It is customary, close to the beginning of each New Year, to consider what the year ahead might hold, so my first blog of the year sets out some of my thoughts and predictions.

For 2018, I anticipate we will see an increasing emphasis on discovery research. The importance of researcher-led discovery science is something which I have often heard members of our research community speak passionately about – and is something which I am a fervent supporter of too. Through BBSRC’s ‘Frontier Bioscience’ theme we have highlighted our commitment and support for discovery research – and I hope this will become increasingly apparent throughout the coming year.

In terms of scientific trends, we will start to see greater use of digital technologies in bioscience – machine learning and artificial intelligence – allowing researchers to probe unsolved questions of scale. As we seek to understand biological complexity and its control, the importance of quantitation in biology will increase, which in turn will underpin the development of more predictive approaches. And the central role that all forms of imaging play in bioscience research, from single molecule to field scale, will continue to expand – although I’m not going to predict what the ‘next big thing’ in imaging will be!

Looking back to early 2017, we were anticipating a Government green paper on the Industrial Strategy (PDF). This, and the Industrial Strategy White paper, were both subsequently delivered, with the latter setting out a vision for building a Britain of the future and signalling a number of priorities for the year ahead. For BBSRC this includes the ‘Transforming Food Production’ Industrial Strategy Challenge Fund programme. A cross-organisational team, from Innovate UK, BBSRC, BEIS and Defra, have been working hard on the development of this challenge, engaging with key business and academic leaders as the programme takes shape. And while the case is still subject to confirmation of funding, I anticipate that this will be a key activity for the year ahead. Watch this space for future updates on the opportunities.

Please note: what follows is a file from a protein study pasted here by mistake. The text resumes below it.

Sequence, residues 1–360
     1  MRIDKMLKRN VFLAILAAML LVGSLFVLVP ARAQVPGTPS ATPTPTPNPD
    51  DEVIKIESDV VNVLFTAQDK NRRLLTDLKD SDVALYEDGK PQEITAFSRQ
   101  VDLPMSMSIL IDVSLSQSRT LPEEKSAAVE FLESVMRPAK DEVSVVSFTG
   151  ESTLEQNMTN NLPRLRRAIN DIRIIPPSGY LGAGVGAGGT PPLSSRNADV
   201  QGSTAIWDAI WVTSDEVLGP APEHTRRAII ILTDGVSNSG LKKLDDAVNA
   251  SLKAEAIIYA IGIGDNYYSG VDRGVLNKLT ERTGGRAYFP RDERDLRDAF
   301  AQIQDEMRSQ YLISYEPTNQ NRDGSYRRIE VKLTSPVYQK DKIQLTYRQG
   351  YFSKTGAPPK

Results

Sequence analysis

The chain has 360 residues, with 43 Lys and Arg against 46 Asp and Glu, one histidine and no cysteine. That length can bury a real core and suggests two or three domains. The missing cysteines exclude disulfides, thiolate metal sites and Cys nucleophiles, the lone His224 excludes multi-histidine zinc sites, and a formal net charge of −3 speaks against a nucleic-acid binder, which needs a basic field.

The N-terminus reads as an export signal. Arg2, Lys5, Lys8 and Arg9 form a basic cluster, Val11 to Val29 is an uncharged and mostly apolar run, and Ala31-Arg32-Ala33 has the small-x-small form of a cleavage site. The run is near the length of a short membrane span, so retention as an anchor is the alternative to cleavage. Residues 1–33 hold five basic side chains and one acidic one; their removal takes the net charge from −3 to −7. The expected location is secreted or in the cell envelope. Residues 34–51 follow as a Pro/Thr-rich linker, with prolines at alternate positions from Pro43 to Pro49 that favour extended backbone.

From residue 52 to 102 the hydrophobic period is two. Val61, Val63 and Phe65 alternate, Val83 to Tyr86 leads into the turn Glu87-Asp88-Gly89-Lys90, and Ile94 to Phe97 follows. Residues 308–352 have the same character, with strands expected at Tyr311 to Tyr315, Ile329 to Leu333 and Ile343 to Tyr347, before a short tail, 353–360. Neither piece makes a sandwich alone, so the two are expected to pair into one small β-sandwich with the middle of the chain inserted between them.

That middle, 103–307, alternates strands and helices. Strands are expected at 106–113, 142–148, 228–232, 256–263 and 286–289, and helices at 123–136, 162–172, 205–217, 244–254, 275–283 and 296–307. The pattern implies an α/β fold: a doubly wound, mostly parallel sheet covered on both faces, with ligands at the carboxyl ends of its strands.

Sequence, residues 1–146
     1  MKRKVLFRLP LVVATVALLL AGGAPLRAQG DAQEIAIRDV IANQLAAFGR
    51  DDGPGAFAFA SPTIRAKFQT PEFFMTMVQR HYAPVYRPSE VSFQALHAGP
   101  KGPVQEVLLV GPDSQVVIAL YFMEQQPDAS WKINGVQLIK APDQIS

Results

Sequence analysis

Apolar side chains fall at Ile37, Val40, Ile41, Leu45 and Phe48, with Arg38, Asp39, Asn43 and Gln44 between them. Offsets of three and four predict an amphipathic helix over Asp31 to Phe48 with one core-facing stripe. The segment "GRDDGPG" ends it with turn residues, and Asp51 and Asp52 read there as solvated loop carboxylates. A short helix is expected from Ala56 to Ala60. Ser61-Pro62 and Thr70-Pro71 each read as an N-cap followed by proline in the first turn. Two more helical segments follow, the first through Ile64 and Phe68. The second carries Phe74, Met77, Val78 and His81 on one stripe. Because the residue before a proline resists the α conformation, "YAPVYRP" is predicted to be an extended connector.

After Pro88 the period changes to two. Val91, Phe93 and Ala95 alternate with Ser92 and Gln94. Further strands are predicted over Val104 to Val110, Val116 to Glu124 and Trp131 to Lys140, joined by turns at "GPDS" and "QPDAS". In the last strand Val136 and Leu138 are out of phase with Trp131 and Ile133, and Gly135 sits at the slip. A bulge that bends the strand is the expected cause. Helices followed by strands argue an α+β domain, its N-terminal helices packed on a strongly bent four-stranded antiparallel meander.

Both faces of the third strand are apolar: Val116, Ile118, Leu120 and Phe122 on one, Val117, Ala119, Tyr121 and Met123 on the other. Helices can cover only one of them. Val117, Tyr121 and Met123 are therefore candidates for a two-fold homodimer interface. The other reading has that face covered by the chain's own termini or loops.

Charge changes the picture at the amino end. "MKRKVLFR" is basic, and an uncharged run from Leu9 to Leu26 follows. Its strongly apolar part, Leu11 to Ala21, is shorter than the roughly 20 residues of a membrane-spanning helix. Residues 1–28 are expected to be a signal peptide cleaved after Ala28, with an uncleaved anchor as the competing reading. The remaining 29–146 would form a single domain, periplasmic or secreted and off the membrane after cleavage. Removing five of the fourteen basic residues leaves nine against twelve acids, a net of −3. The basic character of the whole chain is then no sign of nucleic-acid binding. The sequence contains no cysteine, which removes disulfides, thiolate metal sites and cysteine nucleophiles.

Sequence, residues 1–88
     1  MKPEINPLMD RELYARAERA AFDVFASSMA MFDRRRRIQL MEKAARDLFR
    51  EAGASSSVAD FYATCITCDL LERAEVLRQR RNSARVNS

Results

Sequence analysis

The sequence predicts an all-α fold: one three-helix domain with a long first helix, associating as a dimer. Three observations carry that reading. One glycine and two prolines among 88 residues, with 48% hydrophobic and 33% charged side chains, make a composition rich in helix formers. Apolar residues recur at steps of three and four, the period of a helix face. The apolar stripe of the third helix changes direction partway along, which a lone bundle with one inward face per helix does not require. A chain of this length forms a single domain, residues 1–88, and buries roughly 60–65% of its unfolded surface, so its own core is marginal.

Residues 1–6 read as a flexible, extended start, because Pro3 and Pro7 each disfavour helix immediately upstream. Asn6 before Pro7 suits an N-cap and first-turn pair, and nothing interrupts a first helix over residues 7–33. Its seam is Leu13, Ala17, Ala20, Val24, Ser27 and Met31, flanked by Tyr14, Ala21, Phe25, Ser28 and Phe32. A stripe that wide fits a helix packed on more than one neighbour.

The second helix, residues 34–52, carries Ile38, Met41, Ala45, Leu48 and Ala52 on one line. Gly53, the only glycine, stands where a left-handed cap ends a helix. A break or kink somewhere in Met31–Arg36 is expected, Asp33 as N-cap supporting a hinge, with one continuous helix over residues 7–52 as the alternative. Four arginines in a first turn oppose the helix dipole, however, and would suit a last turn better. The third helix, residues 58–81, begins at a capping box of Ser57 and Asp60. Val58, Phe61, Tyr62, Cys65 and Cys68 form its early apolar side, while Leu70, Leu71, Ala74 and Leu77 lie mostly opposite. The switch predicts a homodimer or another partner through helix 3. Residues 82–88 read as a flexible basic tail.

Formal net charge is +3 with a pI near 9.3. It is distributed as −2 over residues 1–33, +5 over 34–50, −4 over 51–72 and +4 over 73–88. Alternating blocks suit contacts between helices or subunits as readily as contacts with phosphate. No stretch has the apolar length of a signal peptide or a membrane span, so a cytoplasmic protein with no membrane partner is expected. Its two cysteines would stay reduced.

Related to this, BBSRC hosted the ‘Innovation Hub’ at the Oxford Farming Conference in the first week of January. I led two interactive sessions, engaging a range of conference delegates, where six teams of researchers showcased the new technologies and approaches they are developing that will enable future farming. Areas covered were broad ranging and included work on black grass and herbicide resistance, led by Rob Edwards (Newcastle) through to the use of machine learning to predict the source of food-bourne pathogens outbreaks, research presented by Alison Tidswell from David Gally’s team at The Roslin Institute. Feedback suggests the Innovation Hub format was very effective and popular.

One of the key milestones for the year will be the launch of UK Research and Innovation on 1 April. In preparation for this BBSRC will be appointing a new Council (I have been busy with interviewing potential Council members), who will play a key role in supporting the BBSRC Executive Chair and shaping BBSRC’s future strategic direction.

2018 will also see the selection of the 10th winner of BBSRC’s Innovator of the Year competition – there is still time to submit your nomination ahead of the 7 February deadline!

It promises to be another year of change and opportunity!

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